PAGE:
“And then probably camera, followed by the setup, your backdrop, the way things look behind you. So those are the essentials right there”, he explains.
“I think everyone immediately likes to gravitate towards podcast mics, but I think there’s a first step that you can take that’s cheaper and better”, says Will.
“I did land on the USB headset side. And I found that the Razor headsets, which is actually a gaming brand actually sounded pretty good in the microphone”, says Brandt. “Most of them look like tank commander, gaming headsets. But there are a couple of different models, almost like the old Walkman style headphones. On the ear, with a single headphone and a thin finished mic. So those all sounded pretty good and they didn’t look ridiculous. So that’s kind of like the very bottom level plug and play”.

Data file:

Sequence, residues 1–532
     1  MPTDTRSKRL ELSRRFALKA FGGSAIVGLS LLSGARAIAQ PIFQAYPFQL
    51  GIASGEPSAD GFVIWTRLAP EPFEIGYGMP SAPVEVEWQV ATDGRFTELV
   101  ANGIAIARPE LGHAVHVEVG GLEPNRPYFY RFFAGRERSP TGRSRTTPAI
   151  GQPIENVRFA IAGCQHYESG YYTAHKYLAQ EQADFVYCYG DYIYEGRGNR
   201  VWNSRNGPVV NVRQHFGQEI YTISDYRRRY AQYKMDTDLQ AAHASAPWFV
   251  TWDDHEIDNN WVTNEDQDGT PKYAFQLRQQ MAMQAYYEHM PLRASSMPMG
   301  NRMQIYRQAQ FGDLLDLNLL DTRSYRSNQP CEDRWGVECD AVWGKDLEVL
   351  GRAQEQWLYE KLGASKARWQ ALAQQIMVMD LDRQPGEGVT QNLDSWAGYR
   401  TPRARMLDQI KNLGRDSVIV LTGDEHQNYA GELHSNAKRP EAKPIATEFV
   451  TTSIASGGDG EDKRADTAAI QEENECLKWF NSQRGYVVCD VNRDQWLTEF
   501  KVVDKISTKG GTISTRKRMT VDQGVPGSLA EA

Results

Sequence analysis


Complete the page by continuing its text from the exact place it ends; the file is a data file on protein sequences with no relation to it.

Will mentions calling headsets. “So I liked those a little bit better than a gaming headset. Because they tend to have that smaller profile. So I recently started using more office headsets and I really am enjoying what Jabra has been putting out. Jabra has had really good audio quality across all their product lines”. Brandt has a different opinion, though. “I am actually not a fan of these. They sound great, the actual audio quality of the headphones, I think it’s pretty good. And they’re Bluetooth. But the microphone, I think sounds like a 1960s radio operator or something along those lines”. It’s better for calls, for sure!
When it comes to finding the best speaker kits, Brandt wants you to go wild. “It’s really important to try everything. Really, do seriously try everything. We actually skipped over something which is no microphone, just going with the internet. We hate that. So that’s why it’s not even an option to go with the internal microphone”.
“It’s huge to have any microphone instead of the internal microphone on your machine. Try everything. Grab the set of headphones that you got free with a phone four years ago and you threw in the drawer. Because those might sound better than a wide-open mic on your laptop. And they might even sound better than these $300 Jabra Bluetooth headphones”, he adds.
Medium Range To High End